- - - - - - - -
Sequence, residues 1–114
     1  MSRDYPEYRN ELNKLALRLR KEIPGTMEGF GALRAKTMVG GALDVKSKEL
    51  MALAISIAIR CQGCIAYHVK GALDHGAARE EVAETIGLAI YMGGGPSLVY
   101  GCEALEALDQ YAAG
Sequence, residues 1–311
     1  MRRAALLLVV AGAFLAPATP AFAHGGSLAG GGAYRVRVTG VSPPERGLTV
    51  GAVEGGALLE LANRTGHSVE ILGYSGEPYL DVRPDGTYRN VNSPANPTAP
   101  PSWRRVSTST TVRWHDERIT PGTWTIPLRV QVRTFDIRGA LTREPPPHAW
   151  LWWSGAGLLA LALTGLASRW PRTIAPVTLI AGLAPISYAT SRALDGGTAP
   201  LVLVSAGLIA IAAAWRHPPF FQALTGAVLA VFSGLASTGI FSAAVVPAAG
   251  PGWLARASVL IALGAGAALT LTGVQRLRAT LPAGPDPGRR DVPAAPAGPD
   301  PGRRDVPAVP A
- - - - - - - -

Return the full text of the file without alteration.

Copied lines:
Sequence, residues 1–114
     1  MSRDYPEYRN ELNKLALRLR KEIPGTMEGF GALRAKTMVG GALDVKSKEL
    51  MALAISIAIR CQGCIAYHVK GALDHGAARE EVAETIGLAI YMGGGPSLVY
   101  GCEALEALDQ YAAG
Sequence, residues 1–311
     1  MRRAALLLVV AGAFLAPATP AFAHGGSLAG GGAYRVRVTG VSPPERGLTV
    51  GAVEGGALLE LANRTGHSVE ILGYSGEPYL DVRPDGTYRN VNSPANPTAP
   101  PSWRRVSTST TVRWHDERIT PGTWTIPLRV QVRTFDIRGA LTREPPPHAW
   151  LWWSGAGLLA LALTGLASRW PRTIAPVTLI AGLAPISYAT SRALDGGTAP
   201  LVLVSAGLIA IAAAWRHPPF FQALTGAVLA VFSGLASTGI FSAAVVPAAG
   251  PGWLARASVL IALGAGAALT LTGVQRLRAT LPAGPDPGRR DVPAAPAGPD
   301  PGRRDVPAVP A